One of the best bluffs of World War II
Harry Purvis was co-pilot to Sir Charles Kingsford Smith, carried out one of the more impertinent acts of World War II and was chief pilot for the Herald Flying Services, which made large scale country delivery drops of The Sydney Morning Herald.
Purvis later joined the RAAF, where he trained pilots of transport aircraft. He earned the Air Force Cross for his efforts in New Guinea.
But one of the most remarkable achievements of his career came during World War II, when he flew into Bali in 1945. The Japanese surrender had reached Tokyo but word had not got through to the 10,000 armed Japanese troops on the island.
Wing Commander Purvis and his crew based themselves at the Hotel Denpasar, where they learnt that the Japanese general was at his headquarters in the city.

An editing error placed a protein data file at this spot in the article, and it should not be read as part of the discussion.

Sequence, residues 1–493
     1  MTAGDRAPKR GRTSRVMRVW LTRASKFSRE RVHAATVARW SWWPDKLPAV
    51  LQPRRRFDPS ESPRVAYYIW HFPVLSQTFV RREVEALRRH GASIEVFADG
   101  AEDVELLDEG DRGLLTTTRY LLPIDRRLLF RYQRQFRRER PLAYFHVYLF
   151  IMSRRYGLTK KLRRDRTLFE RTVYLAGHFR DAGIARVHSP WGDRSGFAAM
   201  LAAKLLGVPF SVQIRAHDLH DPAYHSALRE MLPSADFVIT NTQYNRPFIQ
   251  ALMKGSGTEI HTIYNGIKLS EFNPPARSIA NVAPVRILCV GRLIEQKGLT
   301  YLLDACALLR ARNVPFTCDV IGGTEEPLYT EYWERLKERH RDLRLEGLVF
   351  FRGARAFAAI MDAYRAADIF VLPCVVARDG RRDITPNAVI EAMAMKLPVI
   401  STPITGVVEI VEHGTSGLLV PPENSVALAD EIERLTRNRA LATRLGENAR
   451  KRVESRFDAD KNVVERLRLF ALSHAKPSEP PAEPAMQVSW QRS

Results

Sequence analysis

Purvis messaged the general requiring his presence at the hotel, stating that he was acting on authority of the Supreme Allied Commander in the South-West Pacific Area and required his surrender, the handover of his sword and the release of all Australian prisoners.
The bluff also included a demand for a suite at the hotel for each Australian officer and 10,000 rupees for their use while on the island. An entourage from the general duly arrived and, with much bowing and ceremony, handed over the general’s sword. Purvis, realising the lack of English language among the Japanese, chose to sign their surrender agreement as one ”Franklin Delano Roosevelt”.
After the war Purvis was co-pilot on the first crossing of the South Pacific to South America, which was made in a Catalina from Rose Bay to Valparaiso in Chile.
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